One of the main reasons why more stars don’t come out is the commitment.

“We got them working the same day they got into town.” Hanson said.

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A home away from home, the USO is a resting stop for troops traveling. This USO, in Ramstein, Germany, has free wireless Internet and all-you-can-play video games.

The daily program can change according to the mood of a Blawkhawk helicopter, but the schedule is set for two to three shows per day in seven countries in just under two weeks.

“We have to be flexible,” Hanson cautioned.

The military makes an effort to transport the distinguished visitors, but they often have to wait in line for air assets like anyone else.

“There’s a war going on,” said Hanson, in the tone of a man who has met and overcome scheduling issues without any of the arrogance normally afforded to Hollywood icons.

Often the issue keeping other stars from coming out are prior engagements. Robin Williams alone had four movies releases in 2005 and six films in 2006. When the stars are not working, the hundreds of people who work with them are also not working.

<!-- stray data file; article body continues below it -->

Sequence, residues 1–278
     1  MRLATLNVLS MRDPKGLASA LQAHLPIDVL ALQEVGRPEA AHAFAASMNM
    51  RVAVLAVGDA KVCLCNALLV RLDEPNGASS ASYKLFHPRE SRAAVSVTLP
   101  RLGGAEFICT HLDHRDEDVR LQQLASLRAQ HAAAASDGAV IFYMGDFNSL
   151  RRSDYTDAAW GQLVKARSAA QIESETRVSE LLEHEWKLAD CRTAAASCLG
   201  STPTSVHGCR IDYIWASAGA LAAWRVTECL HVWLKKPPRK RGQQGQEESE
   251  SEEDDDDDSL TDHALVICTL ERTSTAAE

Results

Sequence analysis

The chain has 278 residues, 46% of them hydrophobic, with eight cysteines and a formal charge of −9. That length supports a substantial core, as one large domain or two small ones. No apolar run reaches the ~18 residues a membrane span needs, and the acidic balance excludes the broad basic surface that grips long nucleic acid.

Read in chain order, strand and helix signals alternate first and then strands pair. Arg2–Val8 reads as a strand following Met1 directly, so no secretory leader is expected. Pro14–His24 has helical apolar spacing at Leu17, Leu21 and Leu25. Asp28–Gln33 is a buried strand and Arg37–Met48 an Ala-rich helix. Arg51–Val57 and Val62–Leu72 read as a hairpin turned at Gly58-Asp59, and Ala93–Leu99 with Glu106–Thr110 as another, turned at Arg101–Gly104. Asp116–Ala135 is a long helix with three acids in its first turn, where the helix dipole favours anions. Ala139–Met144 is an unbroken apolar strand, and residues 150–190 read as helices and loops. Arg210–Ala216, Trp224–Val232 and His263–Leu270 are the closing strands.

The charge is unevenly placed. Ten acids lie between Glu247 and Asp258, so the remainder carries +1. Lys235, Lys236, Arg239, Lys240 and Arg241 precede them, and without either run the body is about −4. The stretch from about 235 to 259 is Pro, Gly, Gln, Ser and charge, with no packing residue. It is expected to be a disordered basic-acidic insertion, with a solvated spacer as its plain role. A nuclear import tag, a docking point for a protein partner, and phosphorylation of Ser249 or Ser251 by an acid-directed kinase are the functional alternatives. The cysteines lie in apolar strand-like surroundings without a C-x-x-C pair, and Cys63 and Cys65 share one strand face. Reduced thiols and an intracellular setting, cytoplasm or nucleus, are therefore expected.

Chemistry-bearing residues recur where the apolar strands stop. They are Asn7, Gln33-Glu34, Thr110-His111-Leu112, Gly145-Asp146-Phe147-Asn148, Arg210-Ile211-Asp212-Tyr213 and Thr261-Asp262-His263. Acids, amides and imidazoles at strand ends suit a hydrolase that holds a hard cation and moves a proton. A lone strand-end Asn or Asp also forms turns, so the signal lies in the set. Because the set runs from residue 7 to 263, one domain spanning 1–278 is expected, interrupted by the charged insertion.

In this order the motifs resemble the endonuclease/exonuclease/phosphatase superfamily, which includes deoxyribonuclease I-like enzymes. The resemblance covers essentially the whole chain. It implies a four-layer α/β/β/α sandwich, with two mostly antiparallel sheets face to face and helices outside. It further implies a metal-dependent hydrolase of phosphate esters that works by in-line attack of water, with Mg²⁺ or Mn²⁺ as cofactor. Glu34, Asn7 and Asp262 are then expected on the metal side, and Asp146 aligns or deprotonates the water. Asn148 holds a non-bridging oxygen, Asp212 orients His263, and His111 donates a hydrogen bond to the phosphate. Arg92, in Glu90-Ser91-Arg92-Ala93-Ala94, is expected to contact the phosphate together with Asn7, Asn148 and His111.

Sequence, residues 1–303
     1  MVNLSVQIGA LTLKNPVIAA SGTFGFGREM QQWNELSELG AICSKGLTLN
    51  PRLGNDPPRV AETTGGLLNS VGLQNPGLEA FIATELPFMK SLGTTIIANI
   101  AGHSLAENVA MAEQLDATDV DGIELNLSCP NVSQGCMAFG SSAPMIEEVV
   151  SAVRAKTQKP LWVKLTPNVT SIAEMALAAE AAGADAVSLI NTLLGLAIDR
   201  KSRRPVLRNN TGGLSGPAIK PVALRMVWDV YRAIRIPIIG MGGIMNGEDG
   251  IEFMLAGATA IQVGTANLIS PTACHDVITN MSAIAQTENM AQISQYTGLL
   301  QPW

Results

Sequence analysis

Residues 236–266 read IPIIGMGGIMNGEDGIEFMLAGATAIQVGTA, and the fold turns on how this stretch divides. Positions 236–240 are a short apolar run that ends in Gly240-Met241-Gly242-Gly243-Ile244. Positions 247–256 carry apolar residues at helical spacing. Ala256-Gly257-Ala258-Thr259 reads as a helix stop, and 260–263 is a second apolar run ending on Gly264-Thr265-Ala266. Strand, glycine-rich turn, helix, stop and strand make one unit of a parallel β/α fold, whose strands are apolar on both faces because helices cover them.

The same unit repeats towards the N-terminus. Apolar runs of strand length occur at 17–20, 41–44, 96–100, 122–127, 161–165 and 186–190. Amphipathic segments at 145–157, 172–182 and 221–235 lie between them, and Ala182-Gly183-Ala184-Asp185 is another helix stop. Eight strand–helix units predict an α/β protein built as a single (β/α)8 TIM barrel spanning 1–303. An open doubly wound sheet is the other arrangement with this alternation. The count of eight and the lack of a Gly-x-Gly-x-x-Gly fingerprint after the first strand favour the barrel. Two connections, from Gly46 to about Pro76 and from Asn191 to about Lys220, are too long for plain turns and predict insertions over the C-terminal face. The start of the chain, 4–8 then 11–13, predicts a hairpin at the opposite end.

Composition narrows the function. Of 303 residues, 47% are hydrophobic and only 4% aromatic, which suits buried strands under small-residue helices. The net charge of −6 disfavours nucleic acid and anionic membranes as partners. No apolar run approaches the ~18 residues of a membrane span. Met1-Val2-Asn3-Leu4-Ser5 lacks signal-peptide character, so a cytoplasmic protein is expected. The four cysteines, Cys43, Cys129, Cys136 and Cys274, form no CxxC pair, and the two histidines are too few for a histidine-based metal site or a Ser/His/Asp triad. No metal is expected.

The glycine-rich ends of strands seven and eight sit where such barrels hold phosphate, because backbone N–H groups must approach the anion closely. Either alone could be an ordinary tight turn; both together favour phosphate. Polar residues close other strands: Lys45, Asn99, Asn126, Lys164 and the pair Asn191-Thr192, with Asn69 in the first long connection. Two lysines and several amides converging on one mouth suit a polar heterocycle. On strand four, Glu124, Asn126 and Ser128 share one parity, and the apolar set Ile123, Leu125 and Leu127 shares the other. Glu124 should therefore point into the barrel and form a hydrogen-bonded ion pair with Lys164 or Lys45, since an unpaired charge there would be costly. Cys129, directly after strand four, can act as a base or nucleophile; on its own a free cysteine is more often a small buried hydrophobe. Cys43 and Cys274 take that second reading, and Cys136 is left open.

Within touching distance

I first met Marine Sgt. Wayne Edmiston from Scranton, Pa., in Fallujah during Operation Alljah. By chance, we ran into each other on his way back to Cherry Point, N.C. He just happened to be in town during the “great show and a motivated taste of home.” The young sergeant was happy his brief stopover included this treat.

“I’m honored they would donate their time,” he said.

Edmiston, a tri-athlete, is a big fan of Lance Armstrong, the Sports Illustrated Athlete of the Year and seven-time consecutive Tour de France Champion. Many soldiers throughout Iraq and Afghanistan sport the famous yellow “Live Strong” wrist bands, so the audience was especially happy to shake hands with the retired cyclist.

“People would pay $1,000 to get this close to these guys, and we have them right here,” said the sergeant of the no-frills unidentified airbase where most of the troops are either on their way back home or “heading up North” to Iraq and Afghanistan.